Gone Girl, The Girl on the Train, Big Little Lies and all the other International Bestselling Novels recently made into movies that have a mystery at the heart of the story, all have one thing in common. They offer a scavenger hunt, a game the reader plays on the journey to guess the ending.
And women LOVE piecing together clues and snippets of information to solve a mystery. The prize at the end can be as simple as why did the couple divorce or how will she get out of this conundrum, or a theme as dark as who is killing women and leaving them in fields.
The game is always the same.
You begin the book with information about the playing pieces, the characters, and as the story line deepens, a good writer will offer clues hidden inside revelations and dialogue for the reader to store as part of the big picture that will eventually include the solved mystery. If the book is a whodunnit, then the reader will start guessing early on based on the nature of the clues given. As more clues are added and red herrings are detected, the readers' guess can change several times before the big reveal.
As an author of suspense, I used to be disappointed when reviewers would write that they guessed the ending back in chapter 3, but lately I've learned to take their bragging as a compliment that shows me they were playing the game and were tickled they won the game early on. When that happens, it's exciting, even if you won't know you're right until the very end.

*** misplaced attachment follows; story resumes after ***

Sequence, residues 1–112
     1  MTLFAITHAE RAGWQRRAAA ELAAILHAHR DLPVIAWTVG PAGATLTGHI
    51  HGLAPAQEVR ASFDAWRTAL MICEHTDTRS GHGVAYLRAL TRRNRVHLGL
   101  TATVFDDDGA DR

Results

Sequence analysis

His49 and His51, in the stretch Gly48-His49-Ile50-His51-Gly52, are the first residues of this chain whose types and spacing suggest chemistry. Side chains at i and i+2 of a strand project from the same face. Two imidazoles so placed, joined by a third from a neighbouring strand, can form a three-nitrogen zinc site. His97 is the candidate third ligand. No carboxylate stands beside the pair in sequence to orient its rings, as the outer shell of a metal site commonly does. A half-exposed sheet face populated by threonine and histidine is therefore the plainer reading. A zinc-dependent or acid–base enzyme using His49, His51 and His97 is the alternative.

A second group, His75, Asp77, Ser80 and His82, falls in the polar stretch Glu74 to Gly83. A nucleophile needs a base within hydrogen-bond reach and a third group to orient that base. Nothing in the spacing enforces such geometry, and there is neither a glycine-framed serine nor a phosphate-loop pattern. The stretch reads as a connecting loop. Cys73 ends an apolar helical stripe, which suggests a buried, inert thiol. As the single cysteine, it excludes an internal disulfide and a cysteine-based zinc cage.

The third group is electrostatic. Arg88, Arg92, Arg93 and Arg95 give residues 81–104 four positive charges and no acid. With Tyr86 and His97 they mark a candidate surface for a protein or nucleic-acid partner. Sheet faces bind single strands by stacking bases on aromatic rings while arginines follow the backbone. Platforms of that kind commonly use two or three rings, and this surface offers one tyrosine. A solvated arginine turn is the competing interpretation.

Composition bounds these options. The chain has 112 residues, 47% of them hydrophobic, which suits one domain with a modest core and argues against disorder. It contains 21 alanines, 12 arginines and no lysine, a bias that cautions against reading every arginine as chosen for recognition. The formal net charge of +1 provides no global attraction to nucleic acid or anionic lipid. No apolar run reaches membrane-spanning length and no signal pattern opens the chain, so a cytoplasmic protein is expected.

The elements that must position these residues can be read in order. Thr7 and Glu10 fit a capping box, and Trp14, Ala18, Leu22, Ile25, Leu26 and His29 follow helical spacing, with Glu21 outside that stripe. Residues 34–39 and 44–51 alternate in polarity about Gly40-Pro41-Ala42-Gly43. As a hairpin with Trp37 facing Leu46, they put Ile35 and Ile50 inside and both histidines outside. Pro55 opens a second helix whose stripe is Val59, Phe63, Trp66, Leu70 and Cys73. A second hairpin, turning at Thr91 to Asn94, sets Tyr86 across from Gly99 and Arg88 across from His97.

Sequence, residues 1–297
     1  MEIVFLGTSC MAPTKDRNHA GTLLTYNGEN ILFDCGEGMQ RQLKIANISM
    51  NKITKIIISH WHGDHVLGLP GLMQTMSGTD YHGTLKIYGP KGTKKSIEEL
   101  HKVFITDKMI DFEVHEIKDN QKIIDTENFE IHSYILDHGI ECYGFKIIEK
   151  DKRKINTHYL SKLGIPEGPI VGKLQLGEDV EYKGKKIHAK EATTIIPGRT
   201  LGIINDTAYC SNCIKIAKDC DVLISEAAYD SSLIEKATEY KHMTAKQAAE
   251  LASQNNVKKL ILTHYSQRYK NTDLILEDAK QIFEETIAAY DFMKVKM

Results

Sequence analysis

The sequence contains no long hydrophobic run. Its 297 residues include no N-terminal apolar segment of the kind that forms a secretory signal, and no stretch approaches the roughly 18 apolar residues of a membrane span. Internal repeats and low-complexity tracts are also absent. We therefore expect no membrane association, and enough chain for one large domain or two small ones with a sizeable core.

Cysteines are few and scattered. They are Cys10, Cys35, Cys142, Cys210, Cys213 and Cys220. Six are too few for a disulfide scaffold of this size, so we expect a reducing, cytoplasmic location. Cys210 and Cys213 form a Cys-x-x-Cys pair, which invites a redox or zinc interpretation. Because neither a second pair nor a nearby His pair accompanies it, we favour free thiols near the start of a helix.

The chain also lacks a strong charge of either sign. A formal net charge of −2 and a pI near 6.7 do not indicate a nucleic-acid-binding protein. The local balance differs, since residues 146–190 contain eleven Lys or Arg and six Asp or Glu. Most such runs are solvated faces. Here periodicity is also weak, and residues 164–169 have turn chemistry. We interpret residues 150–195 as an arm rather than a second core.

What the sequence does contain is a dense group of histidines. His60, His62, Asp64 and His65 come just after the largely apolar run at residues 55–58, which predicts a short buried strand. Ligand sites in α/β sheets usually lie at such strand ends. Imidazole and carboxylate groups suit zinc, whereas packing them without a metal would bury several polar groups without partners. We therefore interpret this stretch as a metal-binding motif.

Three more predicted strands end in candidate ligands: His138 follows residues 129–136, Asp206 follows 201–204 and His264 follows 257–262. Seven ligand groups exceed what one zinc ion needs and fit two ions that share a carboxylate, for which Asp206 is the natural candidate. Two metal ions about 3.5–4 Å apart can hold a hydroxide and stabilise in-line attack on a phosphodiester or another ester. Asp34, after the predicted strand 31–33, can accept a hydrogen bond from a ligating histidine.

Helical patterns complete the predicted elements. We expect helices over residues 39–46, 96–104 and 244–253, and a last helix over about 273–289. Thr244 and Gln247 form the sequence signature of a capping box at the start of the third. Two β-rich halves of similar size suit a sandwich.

Guessing early might be the fault of the author to not fool absolutely everyone all the time, or it could simply be a lucky guess. Personally, I love it when my readers are gobsmacked by the ending and didn't see it coming. But, I can't fault a few people for coming to an early conclusion. Especially if they continue reading to see if they are right!
Women enjoy this brain teasing process, this mental game of elimination and puzzle solving. And whether they are surprised by the ending or guess it early on, the journey along the way must be satisfying enough to keep the reader engaged to turn pages until the end.
Writing a mystery adds an extra layer to the story, an additional process of planning that isn't needed for other types of fiction. A mystery needs more plotting, careful leakage of clues, deeper character reveals and much more thought given to the final product to prevent the reader from being dissatisfied with the ending. Of course, the ending is everything in a mystery and it must be tied up sufficiently to give the reader a sense of supreme satisfaction, even if a part of that satisfaction is guessing the ending.
Women love to read mysteries and have always been fascinated by this guessing game. I think it's because as a gender we are problem solvers, wired to sort out the trouble and make sense of it all. While the men go out hunting to bring home dinner, we are left to the do all the mental sorting and planning and organization. And that involves being a good guesser.
As a reader and a writer, I love the game and am thrilled to see that the trend towards this type of novel is on a steep curve upwards and Mystery/Thrillers, Whodunnits, and Suspense/Mysteries are getting movie deals.
Long live the Mystery Novel!
KIM HORNSBY is a Amazon #1 Bestselling Author of Suspense, Mystery and Paranormal Romance who has shared the top 5 lists with Robb, King, Koontz and Evanovich. Her novels can be found at Amazon where her surprise endings have left many readers shocked.